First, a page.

Keeping a Nesting Bird Safe

What should I do once a nesting bird leaves the nest?

Rob Ripma

We are getting to the time of year when I get a ton of questions about what to do with a young bird that has left the nest. Is the fledgling bird okay? Has its parent abandoned it? Can I take care of it myself and release it later?

These are just some of the many questions that I get about nesting birds, and they are all very good questions to ask. Everyone is very interested in helping the the fledglings and making sure they reach adulthood, which is a wonderful thing!

This Rock Wren is feeding its young that are close to leaving the nest. (Photo by Eric Ripma)

This Rock Wren is feeding its young that are close to leaving the nest. (Photo by Eric Ripma)

Here are some of my favorite tips for keeping fledgling birds safe:

1. Although it might appear that there isn’t an adult bird in the area, it’s unlikely that the fledgling has been abandoned. Feel free to carefully and gently check the fledgling to make sure there are no injuries (and if there are, see my second tip). If you feel the bird might be in danger, pick it up and move it to a safer location.

2. If you observe an injured bird, the best thing to do for the bird is to call a licensed wildlife rehabilitator. If you have trouble finding a rehabber in your area, contact a local vet, nature center, or bird feeding/bird supply store, and they will point you in the right direction.

3. If you do determine that the fledgling has been abandoned, do not attempt to raise the bird yourself. It’s extremely difficult and also illegal. Contact a rehabber as soon as possible.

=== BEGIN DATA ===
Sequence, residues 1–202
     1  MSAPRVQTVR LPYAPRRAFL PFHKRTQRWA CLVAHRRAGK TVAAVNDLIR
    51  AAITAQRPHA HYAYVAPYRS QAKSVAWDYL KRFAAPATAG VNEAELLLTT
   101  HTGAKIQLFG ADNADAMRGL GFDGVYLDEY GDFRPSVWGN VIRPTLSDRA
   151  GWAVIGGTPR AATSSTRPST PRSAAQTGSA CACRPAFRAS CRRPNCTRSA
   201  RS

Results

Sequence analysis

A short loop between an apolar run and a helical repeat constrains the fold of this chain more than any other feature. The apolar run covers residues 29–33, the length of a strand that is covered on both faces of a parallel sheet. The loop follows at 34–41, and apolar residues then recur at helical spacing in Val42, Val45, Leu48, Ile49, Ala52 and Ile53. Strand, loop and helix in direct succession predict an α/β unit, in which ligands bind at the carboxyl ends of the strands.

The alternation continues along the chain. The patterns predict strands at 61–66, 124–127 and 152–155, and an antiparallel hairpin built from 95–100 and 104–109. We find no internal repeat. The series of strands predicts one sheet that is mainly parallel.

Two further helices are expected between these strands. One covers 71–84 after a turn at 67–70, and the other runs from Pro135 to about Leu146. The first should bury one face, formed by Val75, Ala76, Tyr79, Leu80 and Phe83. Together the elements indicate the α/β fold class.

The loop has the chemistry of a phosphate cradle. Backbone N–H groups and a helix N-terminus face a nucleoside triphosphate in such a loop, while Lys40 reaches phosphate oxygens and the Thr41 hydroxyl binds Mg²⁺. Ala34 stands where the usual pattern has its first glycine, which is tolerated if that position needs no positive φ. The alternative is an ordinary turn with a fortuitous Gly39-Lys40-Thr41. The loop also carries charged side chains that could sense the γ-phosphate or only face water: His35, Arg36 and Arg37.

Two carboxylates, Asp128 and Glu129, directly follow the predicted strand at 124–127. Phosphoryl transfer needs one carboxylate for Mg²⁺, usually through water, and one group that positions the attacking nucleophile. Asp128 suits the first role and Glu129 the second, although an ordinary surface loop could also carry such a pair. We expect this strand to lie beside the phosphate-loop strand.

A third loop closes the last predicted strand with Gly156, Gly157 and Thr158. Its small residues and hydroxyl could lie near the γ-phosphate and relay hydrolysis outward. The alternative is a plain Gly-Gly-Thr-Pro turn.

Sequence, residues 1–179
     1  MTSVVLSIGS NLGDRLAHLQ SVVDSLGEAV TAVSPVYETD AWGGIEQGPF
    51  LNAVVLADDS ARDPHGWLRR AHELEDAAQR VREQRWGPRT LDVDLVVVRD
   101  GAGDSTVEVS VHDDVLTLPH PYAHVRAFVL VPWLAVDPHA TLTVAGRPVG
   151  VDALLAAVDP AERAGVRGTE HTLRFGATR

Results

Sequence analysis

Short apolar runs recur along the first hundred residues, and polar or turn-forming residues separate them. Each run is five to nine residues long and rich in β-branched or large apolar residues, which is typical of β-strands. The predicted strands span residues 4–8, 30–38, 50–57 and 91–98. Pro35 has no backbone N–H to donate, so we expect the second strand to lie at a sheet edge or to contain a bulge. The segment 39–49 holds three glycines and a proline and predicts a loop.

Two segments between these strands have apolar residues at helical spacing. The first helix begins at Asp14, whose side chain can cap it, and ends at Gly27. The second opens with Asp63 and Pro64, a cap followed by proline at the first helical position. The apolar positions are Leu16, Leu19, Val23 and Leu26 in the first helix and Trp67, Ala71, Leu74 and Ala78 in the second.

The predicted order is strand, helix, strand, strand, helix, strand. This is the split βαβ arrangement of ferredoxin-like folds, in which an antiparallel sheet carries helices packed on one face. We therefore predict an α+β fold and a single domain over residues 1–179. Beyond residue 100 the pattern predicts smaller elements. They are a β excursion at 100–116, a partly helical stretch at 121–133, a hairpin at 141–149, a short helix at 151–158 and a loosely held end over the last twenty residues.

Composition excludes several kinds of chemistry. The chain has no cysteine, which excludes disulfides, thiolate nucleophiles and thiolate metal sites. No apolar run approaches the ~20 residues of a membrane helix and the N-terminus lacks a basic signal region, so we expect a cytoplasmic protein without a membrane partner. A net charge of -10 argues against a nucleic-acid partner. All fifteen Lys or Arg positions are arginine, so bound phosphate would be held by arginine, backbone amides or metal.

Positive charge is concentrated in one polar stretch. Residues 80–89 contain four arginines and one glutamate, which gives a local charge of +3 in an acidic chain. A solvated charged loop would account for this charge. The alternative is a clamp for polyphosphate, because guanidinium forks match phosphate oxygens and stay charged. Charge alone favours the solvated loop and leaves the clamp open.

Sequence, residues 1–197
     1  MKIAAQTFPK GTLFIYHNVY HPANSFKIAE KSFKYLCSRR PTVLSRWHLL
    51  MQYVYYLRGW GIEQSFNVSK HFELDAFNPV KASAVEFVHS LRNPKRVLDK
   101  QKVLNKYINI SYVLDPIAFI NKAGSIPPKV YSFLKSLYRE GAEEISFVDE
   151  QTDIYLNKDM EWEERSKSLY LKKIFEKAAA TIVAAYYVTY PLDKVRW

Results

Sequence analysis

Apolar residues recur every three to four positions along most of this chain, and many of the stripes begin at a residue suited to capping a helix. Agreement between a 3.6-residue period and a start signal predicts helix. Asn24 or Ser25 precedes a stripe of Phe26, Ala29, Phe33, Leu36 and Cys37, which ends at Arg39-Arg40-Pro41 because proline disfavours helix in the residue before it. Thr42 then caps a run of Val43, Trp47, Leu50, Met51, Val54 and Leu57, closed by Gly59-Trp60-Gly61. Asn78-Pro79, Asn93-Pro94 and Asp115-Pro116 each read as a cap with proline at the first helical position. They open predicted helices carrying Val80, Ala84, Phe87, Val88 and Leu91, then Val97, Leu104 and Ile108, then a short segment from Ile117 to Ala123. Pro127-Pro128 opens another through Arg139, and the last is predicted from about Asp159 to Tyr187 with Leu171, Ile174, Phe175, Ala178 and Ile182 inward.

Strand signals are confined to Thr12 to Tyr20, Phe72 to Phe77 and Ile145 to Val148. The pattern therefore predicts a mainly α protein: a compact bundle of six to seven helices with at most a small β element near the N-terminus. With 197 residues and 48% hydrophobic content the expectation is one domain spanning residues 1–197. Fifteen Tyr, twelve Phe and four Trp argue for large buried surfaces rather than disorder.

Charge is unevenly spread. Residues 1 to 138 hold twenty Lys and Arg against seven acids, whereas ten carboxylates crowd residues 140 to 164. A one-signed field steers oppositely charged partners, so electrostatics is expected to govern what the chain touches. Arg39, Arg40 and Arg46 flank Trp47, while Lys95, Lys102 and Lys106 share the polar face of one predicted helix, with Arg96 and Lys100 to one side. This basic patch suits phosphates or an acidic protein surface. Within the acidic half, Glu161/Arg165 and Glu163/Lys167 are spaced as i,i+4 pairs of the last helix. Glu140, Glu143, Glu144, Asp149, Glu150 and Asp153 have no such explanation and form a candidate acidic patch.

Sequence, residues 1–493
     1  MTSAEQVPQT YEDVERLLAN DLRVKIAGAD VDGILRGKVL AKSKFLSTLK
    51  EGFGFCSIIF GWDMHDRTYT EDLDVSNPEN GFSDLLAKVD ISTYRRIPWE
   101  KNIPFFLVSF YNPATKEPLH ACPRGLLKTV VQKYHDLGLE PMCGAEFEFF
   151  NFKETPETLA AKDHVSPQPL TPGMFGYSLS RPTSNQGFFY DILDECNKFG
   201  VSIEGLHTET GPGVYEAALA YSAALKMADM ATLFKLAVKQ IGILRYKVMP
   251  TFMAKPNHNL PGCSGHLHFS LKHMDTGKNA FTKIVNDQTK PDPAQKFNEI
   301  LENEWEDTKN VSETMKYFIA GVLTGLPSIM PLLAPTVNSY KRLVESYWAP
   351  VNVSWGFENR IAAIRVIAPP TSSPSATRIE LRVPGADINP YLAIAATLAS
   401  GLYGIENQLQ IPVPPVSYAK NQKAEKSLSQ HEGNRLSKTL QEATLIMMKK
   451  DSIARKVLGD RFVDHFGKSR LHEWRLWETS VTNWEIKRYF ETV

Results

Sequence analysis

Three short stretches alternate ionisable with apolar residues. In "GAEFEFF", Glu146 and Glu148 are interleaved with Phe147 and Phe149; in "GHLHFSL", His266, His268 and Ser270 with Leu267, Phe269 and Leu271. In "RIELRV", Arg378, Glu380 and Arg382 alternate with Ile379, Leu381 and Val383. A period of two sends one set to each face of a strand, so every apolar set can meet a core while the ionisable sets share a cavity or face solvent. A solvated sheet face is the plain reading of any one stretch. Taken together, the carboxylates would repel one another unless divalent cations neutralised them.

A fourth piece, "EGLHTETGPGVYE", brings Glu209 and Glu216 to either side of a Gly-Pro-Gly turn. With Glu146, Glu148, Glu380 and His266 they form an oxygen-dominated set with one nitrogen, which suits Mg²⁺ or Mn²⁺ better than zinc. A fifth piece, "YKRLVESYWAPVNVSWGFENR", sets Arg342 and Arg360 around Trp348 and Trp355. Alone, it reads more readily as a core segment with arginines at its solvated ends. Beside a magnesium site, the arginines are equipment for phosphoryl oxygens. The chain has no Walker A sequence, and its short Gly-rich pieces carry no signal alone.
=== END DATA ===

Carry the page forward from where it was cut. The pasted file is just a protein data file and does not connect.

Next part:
4. It does not hurt a baby bird if you pick it up and put it back in its nest. It’s a common myth that touching a baby bird will cause the parents to abandon it but it just that – a myth.

You can get more information about what to do with young birds that are out of the nest by reading this post from another Birds & Blooms blogger, Jill!

  1. Shelly DD says

    My experience has been that putting a baby bird back in the nest is almost impossible unless it’s a very young fledgling. Older babies are calm when I catch them but as soon as I let go they freak out and fall back out. And if there’s other chicks in the nest they also freak out and all of them ate out then. I don’t know how to put them back and keep them calm.

  2. says

    My mom helped a fledging out when I was young. I remember there was a nest and the next had fallen apart. My mom put the fledging back in the nest and it fell out again and hung its self on the branches of the bush.the other fledging was ok. Mom brought it in the house put it in a bowel with some grass hay and fed it raw hamburg and strawberries. The fledging stayed with us till it grew its feathers and one day we opened the window and it few out and up into an apple tree. We all ran out side to see if we could see it but never did and this bird was healthy and lived. It was a mocking bird. I had my picture taken with the local newpaper with this fledging feeding it. Thought you would enjoy this story.. I will never for get that mocking bird.

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